Nigeria achieved independence from the UK in October, 1960. It has seen little but strife ever since. This is in large part due to the fact that the British laid out the boundaries of the most populous country in Africa without regard to anything but geography. Nigeria might be a country, but it is not a nation. There are over two hundred fifty different ethnic groups in Nigeria, and hundreds of languages, encompassing multiple “families” of African languages. Even more divisive, over the last fifty-four years of the country’s independence, are the religious divides between North and South.
The north of the country is dominated by the Muslim Hausa and Fulani peoples. The south is largely dominated by the Yoruba in the west, and the Ibo, Ibibio, and Ijaw tribal grouping around the Niger Delta. The southern tribes are largely Christian, providing a pretty sharp dividing line between north and south, that has shaped the politics of the country, and its wars, since independence.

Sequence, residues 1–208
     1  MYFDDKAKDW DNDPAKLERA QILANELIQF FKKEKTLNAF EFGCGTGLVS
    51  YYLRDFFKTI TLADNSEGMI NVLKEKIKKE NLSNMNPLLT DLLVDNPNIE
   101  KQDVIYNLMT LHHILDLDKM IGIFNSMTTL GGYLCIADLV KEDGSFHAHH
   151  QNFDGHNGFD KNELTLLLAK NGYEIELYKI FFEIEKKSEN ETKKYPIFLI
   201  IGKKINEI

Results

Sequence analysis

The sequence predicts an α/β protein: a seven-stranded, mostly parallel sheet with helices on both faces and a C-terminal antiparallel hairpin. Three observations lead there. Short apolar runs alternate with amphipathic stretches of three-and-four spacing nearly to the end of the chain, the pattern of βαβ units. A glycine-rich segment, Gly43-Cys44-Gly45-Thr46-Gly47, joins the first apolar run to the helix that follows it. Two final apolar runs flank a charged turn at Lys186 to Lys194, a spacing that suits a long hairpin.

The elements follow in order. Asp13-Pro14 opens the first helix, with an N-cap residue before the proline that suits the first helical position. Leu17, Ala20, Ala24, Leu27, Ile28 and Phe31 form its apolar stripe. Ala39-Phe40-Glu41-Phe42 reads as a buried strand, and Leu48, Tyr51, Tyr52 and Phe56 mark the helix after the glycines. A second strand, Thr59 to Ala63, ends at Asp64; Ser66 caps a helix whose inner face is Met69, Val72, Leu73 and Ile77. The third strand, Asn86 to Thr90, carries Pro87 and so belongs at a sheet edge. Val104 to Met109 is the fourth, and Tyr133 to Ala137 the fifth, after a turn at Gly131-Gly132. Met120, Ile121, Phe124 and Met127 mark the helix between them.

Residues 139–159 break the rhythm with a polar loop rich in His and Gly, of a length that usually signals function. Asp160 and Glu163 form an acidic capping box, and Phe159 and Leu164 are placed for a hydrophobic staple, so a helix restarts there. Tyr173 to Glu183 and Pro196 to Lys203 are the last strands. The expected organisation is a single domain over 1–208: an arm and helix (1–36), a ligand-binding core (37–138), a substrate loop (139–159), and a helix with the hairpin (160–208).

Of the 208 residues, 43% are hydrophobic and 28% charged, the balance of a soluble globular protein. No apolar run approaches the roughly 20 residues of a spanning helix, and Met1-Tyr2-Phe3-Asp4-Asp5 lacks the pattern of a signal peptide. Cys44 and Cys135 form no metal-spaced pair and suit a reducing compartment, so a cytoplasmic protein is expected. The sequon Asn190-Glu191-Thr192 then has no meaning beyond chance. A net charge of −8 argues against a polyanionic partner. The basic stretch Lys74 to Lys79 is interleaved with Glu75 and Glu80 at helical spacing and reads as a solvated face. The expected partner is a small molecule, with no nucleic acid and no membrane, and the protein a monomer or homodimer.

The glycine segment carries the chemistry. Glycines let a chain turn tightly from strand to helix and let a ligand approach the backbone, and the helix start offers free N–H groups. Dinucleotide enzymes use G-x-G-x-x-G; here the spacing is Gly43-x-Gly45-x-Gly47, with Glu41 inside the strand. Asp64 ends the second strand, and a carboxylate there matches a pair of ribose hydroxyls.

As expected, when the British left in 1960, they left their chosen officials in charge. That administration rapidly fell into corruption and nepotism, leading to the first military coup d’etat, in 1966. The younger Nigerian officer corps, mostly European-educated, and largely leftist by ideology, conducted the coup to force out the “old guard” and try to get rid of some of the corruption. However, the coup raised hackles in the north, because most of the officers who took part were Christian, and worse, Ibo. The Ibo have a reputation for being ambitious and arrogant among the Muslims in the north; Al Venter describes this as largely due to the Ibo’s willingness to work for what they want.
While the officers who had taken over professed their desire for an equitable, if somewhat Marxist, government, the northern Muslims weren’t buying it. Many of the precepts the new military government was ascribing to were contrary to Islam, and, worse, General Aguiyi Ironsi, the army chief who had taken over, was an Ibo.